|Minister of Transport|
4 April 1980 – 28 June 1981
|Prime Minister||Francesco Cossiga|
|Preceded by||Luigi Preti|
|Succeeded by||Vincenzo Balzamo|
|Minister of Finance|
28 June 1981 – 1 December 1982
|Prime Minister||Giovanni Spadolini|
|Preceded by||Franco Reviglio|
|Succeeded by||Francesco Forte|
22 July 1989 – 28 June 1992
|Prime Minister||Giulio Andreotti|
|Preceded by||Emilio Colombo|
|Succeeded by||Giovanni Goria|
|Minister of Labour and Social Security|
28 July 1987 – 22 July 1989
|Prime Minister||Giovanni Goria|
Ciriaco De Mita
|Preceded by||Ermanno Gorrieri|
|Succeeded by||Carlo Donat-Cattin|
|Member of the Senate|
5 June 1968 – 11 July 1983
|Member of the Chamber of Deputies|
11 July 1983 – 14 April 1994
|Born||1 March 1927|
|Political party||Italian Socialist Party|
|Occupation||Chartered accountant, politician|
Salvatore Formica (born 1 March 1927), best known as Rino Formica, is a former Italian politician.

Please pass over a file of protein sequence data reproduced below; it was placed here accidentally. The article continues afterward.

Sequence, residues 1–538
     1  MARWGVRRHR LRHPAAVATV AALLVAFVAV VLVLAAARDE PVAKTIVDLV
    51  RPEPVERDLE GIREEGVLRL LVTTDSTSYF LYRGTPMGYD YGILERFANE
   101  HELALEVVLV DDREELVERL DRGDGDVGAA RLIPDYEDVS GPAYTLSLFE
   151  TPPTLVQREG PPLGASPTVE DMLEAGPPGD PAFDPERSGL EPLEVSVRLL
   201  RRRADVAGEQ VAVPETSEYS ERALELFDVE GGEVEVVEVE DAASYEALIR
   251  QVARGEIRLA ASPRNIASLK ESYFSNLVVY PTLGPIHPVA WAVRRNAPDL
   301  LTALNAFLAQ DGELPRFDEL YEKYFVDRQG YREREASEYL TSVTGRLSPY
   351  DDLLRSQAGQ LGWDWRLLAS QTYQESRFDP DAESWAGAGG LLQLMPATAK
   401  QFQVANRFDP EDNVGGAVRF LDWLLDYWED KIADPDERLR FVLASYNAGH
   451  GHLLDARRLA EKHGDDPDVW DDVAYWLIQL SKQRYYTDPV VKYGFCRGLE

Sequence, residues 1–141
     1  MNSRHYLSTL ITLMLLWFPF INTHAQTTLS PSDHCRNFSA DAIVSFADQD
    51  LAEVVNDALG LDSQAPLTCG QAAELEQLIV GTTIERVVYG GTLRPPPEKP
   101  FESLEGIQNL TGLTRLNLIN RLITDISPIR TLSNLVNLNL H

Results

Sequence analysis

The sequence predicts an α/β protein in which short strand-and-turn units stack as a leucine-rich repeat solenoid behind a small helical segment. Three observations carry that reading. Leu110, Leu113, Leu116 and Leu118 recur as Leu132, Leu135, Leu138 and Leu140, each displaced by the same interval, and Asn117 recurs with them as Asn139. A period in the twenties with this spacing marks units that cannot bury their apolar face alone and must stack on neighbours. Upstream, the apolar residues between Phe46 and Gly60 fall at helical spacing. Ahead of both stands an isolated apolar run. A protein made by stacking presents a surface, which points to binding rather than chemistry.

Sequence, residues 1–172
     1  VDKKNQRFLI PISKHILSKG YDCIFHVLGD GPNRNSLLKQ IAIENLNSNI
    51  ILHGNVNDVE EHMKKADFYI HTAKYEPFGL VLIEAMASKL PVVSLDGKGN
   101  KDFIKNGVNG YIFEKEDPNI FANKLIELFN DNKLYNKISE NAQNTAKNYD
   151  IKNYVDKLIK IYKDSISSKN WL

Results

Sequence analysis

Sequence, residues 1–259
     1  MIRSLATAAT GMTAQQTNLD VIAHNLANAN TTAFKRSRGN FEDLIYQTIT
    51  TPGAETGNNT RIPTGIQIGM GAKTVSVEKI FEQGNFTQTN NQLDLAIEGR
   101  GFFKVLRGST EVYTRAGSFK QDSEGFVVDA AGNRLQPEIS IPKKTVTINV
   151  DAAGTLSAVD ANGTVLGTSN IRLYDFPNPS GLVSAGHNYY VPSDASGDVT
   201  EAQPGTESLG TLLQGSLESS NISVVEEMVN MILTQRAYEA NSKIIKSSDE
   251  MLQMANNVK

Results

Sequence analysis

Formica was born in Bari.
He became a member of national importance of the Italian Socialist Party (Italian: Partito Socialista Italiano, or simply PSI) during the leadership of Bettino Craxi. He was several times Minister of the Italian Republic starting from 1980. He was Minister of Budget in the Spadolini II Cabinet, whose fall was caused by a quarrel between Formica and the other economy minister Beniamino Andreatta.
Formica was strongly critical of the PSI's transformation from a popular, social-based party into one involved in numerous corruption and official malfeasance scandals under Craxi. He declared "the convent is poor, but the monks are rich" (in reference to PSI's financial problems, where its members were instead increasingly well endowed), and defined PSI's national assembly as "a court of dwarves and ballerinas. Formica was one of the numerous PSI members involved in the Mani Pulite scandal of the early 1990s, although he was acquitted in the two trials raised against him. After Craxi's resignation as PSI national secretary in 1993, he supported Claudio Martelli as his successor. In 1994 he was not re-elected to the Italian Parliament for the first time since the 1970s.
In 2003 he founded a post-Socialist party called Socialismo è Libertà and later adhered to the new Italian Socialist Party, a small-sized formation of socialists who did not join the Democratic Party.